Temporary tattoos, unlike henna which can have severe PPD reactions, tend to be nothing more than "stickers", and are not really even worth discussing here. For the purposes of this entry, these are tattoos which the artists claim to be "temporary" with a lifetime usually given as about five years. The two main explanations these artists will give for why the tattoo is "temporary" are:
- Depth Related — Some practitioners will claim that by placing the ink in a "semi-permanent" but not "permanent" layer of skin that the body will reject the tattoo over a period of years. This is not possible because there's not a layer of skin which could be classified as "semi-permanent". The upper layers of skin are constantly renewed over a period far, far smaller than five years, while the deeper layers are effectively permanent.
- Ink Related — Other practitioners and equipment suppliers have produced inks that, in theory, should break down in the body over time, for example by using vegetable-based dyes that the immune system can metabolize or otherwise eliminate (for example, a tattoo with food coloring). This is improbable and should be considered false advertising for a few reasons. The first is that not every person's immune system and healing process is the same. An ink or pigment that may work in one person will not necessarily work in all people, or even a majority of people. Second, by definition, these products would also produce an increased chance of allergic reaction. In fact, they are entirely dependent on the immune system of the person tattooed. This is a factor that cannot be accounted for in a mass-market product. At least, not to a degree that it would be viable as a safe and consistent shorter-term alternative to a permanent tattoo.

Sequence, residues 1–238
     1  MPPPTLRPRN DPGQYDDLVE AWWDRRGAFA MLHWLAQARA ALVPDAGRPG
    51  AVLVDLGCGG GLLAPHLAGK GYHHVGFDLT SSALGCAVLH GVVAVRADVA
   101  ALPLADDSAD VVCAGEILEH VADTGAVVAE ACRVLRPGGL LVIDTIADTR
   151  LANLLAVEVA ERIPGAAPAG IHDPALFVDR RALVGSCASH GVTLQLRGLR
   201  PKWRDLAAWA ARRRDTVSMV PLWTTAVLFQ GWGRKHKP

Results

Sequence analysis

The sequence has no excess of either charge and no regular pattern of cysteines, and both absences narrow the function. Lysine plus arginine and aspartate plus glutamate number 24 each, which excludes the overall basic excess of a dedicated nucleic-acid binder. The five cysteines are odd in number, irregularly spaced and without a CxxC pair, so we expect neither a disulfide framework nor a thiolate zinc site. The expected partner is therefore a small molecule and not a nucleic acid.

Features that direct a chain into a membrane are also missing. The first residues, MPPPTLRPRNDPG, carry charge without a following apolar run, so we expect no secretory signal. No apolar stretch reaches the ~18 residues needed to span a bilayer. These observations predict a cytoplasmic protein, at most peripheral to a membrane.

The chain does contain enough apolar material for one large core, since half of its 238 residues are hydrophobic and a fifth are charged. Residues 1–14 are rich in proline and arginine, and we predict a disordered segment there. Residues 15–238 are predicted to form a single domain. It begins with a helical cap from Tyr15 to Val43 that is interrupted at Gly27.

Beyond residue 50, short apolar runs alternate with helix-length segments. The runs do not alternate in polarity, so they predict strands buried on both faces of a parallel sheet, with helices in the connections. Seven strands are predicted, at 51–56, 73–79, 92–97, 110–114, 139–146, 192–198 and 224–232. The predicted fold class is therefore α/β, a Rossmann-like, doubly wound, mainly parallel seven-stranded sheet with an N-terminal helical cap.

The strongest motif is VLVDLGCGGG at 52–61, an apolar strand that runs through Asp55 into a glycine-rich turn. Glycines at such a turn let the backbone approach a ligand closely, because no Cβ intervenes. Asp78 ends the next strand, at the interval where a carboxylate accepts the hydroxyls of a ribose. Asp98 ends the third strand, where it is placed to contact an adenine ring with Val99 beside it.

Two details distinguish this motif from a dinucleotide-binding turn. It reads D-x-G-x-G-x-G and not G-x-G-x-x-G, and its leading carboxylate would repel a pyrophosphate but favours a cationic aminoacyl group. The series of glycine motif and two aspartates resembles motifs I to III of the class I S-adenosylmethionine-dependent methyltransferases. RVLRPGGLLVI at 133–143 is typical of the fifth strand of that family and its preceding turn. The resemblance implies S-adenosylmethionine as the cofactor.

Neither of these two methods will likely become widespread due to their inconsistent results and the dishonest business practices of their providers. Neither of these methods will produce a tattoo that magically, evenly fades away at the five-year mark. As seen in the pictures above(both past the five year mark), the fading is fairly minor and very blotchy. Another issue not addressed by the companies advertising temporary tattoos is the scarring caused by the tattoo process itself. This scarring is generally not visible due to the pigment being far more noticeable, but it would likely be visible after the ink "disappears" after five years.
A person considering one of these "five-year tattoos" would be wise to take a bit more time and consider whether they're actually ready to get a tattoo in any form.